Lasagna Dough|recipe

I make lasagna from regular white flour but adding some durum wheat semolina (30% and 50%) gives the pasta more durability. When making pasta Bologna-style, you always start with the eggs and add whatever flour they can absorb. Eggs come in various sizes, so use a little less flour to start with and just add some more until the dough no longer sticks. A good rule of thumb is to use 100 grams flour per egg.

Start;

Thoroughly sift the flour or flours together, do not add salt as it could make unsightly marks in your lasagna. Pour the flour in a small mound on a large wooden table, kitchen top to make a large hole in your mound.

Break the eggs into a bowl and break their yolks with a fork. Beat them a for a few seconds, then pour this into the flour. Mix with your bare hands to incorporate all of the egg into the flour.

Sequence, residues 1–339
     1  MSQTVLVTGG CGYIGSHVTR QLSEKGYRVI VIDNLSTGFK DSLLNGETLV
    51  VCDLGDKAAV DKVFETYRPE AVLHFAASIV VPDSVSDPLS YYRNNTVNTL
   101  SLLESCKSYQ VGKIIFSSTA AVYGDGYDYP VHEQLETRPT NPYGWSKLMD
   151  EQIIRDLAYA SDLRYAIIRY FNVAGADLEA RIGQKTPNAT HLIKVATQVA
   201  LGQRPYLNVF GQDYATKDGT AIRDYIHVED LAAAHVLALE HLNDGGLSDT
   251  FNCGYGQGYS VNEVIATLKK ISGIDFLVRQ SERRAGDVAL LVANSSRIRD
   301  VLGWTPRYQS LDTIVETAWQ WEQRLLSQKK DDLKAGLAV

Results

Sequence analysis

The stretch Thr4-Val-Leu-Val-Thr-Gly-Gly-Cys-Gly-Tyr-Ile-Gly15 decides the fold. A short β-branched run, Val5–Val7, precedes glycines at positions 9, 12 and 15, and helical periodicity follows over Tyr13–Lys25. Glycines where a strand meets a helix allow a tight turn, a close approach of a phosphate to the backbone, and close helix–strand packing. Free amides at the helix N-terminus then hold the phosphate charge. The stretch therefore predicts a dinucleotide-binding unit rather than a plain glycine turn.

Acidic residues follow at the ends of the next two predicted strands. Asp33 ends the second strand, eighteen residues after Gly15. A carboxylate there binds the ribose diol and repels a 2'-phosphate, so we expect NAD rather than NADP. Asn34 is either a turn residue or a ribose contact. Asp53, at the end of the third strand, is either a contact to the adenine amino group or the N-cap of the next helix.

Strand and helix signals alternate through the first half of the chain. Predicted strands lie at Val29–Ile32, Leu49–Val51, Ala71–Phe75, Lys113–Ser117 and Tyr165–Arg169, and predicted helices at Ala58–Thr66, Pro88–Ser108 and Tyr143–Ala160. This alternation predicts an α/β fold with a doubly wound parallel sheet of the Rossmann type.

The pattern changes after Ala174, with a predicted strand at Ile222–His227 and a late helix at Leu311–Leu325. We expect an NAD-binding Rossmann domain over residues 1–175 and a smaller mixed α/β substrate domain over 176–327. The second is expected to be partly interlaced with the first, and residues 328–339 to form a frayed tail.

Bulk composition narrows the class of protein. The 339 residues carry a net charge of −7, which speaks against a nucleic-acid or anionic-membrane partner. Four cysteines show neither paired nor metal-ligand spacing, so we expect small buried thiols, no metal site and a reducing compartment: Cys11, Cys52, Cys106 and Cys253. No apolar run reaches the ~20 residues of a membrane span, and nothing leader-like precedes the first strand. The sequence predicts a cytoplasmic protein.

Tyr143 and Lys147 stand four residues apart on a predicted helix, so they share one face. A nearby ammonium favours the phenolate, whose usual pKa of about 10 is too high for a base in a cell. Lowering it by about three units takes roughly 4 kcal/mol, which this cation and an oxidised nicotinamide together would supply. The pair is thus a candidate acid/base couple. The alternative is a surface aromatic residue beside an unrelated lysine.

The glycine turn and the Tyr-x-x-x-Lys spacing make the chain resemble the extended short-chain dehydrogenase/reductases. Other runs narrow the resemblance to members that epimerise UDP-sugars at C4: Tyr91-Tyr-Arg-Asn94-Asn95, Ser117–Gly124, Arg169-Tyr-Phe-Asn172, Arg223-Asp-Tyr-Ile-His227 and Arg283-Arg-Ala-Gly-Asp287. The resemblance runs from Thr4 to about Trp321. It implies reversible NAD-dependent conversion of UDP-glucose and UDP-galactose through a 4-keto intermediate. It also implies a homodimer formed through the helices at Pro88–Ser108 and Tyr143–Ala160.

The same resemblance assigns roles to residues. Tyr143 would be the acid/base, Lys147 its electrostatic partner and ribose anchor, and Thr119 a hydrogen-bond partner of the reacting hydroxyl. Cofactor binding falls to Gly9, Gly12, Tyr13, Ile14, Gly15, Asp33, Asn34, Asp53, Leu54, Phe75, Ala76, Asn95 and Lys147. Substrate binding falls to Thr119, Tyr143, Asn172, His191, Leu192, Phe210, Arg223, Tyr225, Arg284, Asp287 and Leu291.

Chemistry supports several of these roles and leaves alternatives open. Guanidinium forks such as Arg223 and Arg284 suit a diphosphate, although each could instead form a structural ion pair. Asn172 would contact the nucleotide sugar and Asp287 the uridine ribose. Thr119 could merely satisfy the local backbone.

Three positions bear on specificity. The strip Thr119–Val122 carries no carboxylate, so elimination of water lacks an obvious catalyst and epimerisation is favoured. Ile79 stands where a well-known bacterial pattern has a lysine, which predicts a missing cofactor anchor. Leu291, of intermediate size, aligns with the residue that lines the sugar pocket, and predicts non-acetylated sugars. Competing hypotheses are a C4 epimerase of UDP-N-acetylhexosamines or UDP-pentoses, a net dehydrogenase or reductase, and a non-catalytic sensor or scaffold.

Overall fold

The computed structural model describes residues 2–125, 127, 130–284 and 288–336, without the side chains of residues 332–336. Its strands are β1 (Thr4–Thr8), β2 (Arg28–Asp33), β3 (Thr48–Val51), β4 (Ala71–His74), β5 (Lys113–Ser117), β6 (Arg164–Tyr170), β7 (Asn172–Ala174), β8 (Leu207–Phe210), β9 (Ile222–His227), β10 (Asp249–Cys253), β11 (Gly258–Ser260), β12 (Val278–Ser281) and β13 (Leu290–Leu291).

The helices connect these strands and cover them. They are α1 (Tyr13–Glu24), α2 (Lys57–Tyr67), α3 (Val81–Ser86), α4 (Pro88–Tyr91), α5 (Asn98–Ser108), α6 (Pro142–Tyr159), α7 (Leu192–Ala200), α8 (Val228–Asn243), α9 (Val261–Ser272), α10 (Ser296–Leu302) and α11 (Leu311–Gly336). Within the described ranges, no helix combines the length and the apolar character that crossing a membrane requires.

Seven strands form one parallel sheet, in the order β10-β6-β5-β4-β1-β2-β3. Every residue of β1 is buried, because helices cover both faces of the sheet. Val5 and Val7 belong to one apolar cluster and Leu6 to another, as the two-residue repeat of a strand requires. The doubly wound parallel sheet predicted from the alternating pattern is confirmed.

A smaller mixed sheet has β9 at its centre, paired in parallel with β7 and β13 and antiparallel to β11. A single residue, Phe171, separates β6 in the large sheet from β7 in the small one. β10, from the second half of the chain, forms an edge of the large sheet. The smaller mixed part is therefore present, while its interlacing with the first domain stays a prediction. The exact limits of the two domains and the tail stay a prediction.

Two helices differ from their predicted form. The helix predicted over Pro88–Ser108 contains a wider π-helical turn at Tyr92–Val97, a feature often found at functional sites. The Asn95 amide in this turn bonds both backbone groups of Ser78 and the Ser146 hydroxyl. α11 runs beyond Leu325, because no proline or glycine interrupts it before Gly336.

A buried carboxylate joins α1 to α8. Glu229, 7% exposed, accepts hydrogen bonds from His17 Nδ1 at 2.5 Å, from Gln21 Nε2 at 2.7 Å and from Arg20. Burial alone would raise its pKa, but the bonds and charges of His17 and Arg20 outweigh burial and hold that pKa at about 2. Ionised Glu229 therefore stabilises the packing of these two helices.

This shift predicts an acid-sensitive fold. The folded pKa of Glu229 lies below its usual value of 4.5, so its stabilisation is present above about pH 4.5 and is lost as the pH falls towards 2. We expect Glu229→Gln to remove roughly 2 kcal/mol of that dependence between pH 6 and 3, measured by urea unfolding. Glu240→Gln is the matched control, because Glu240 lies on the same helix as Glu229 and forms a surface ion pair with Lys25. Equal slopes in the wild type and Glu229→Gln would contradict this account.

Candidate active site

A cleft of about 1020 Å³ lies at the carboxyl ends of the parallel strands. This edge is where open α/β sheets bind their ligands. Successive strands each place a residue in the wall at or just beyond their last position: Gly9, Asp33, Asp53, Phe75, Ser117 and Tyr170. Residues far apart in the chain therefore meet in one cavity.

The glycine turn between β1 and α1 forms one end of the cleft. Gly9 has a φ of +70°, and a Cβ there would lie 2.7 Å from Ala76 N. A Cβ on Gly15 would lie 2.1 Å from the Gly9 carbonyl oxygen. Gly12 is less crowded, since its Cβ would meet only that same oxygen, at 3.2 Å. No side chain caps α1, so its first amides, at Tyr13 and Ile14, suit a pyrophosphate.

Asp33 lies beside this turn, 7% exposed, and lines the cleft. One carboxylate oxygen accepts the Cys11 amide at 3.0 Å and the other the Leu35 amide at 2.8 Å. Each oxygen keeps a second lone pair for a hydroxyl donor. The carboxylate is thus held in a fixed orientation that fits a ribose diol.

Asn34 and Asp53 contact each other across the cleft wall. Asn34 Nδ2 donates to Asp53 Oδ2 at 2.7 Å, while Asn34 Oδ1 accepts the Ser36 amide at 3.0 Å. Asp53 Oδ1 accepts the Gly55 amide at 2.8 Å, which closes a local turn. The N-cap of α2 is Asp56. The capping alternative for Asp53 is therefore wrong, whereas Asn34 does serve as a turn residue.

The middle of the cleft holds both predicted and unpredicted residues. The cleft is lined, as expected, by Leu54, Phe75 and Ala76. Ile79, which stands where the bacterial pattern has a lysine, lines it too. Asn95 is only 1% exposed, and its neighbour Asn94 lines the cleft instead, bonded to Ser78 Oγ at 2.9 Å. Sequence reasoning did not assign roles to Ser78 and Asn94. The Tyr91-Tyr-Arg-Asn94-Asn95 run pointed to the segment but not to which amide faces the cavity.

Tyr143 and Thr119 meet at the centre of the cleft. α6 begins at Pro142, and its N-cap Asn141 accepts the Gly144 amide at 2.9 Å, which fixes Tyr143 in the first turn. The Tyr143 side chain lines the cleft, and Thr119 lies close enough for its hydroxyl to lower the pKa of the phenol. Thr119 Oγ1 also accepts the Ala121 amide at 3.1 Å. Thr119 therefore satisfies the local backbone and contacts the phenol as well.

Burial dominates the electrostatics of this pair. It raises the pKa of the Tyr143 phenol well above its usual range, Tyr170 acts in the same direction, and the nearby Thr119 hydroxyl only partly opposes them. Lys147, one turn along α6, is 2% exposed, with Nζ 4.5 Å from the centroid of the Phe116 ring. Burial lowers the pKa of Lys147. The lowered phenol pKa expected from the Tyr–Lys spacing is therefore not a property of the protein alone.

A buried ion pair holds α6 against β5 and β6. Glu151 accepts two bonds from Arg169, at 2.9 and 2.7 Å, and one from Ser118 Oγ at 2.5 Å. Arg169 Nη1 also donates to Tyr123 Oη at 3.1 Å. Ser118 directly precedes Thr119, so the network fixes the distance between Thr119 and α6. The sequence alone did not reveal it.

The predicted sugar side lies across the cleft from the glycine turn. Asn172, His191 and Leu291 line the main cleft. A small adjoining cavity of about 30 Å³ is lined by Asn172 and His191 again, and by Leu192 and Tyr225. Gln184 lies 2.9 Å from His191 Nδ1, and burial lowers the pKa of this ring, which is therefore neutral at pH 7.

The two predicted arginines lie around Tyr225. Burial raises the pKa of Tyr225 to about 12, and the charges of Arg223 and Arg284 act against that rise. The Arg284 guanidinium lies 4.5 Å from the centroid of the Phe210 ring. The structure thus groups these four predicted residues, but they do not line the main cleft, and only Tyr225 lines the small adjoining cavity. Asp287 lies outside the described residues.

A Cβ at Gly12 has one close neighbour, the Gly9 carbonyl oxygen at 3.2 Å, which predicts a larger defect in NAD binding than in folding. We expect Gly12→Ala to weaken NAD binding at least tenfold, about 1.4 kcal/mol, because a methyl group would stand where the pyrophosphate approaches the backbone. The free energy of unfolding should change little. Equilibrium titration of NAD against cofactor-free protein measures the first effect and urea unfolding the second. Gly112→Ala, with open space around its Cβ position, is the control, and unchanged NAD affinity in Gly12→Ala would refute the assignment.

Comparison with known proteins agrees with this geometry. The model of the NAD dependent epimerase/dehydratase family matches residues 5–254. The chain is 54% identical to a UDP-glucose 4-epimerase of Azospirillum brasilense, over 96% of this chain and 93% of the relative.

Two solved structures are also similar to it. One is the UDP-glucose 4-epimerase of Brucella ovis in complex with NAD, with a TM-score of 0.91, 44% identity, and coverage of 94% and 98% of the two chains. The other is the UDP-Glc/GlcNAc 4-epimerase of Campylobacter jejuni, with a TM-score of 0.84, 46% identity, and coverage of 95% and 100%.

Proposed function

If the mixture is too sticky, add more flour, a pinch at a time. If it is as dry as a cannonball, add a tablespoon water. But don’t go too far, this thing is like flying a helicopter or trying to set the shower temperature in a layover motel – a little change can propel you way in the opposite direction.

When your dough starts getting smooth, do not try to incorporate the tiny bits of pasta crumbs on the table. The dough should not stick. If in doubt, keep it a little too dry, since the water will hydrate the dough some more as it rests. Wrap the dough in plastic so that it won’t get crusty and leave in the fridge until you are ready.

Cut an ball of dough and set your pasta machine on the largest thickness setting. Laminate the pasta by turning the crank, then decrease the thickness by turning the wheel on the opposite side of the pasta machine, fold your pasta sheet in half and pass it through the machine again.

Continue until you have reached the thickness you want. This repeated lamination turns the dough into a silky, smooth sheet by stretching the gluten strands.

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bolognese-lasagna-19-1000
bolognese-lasagna-12-1000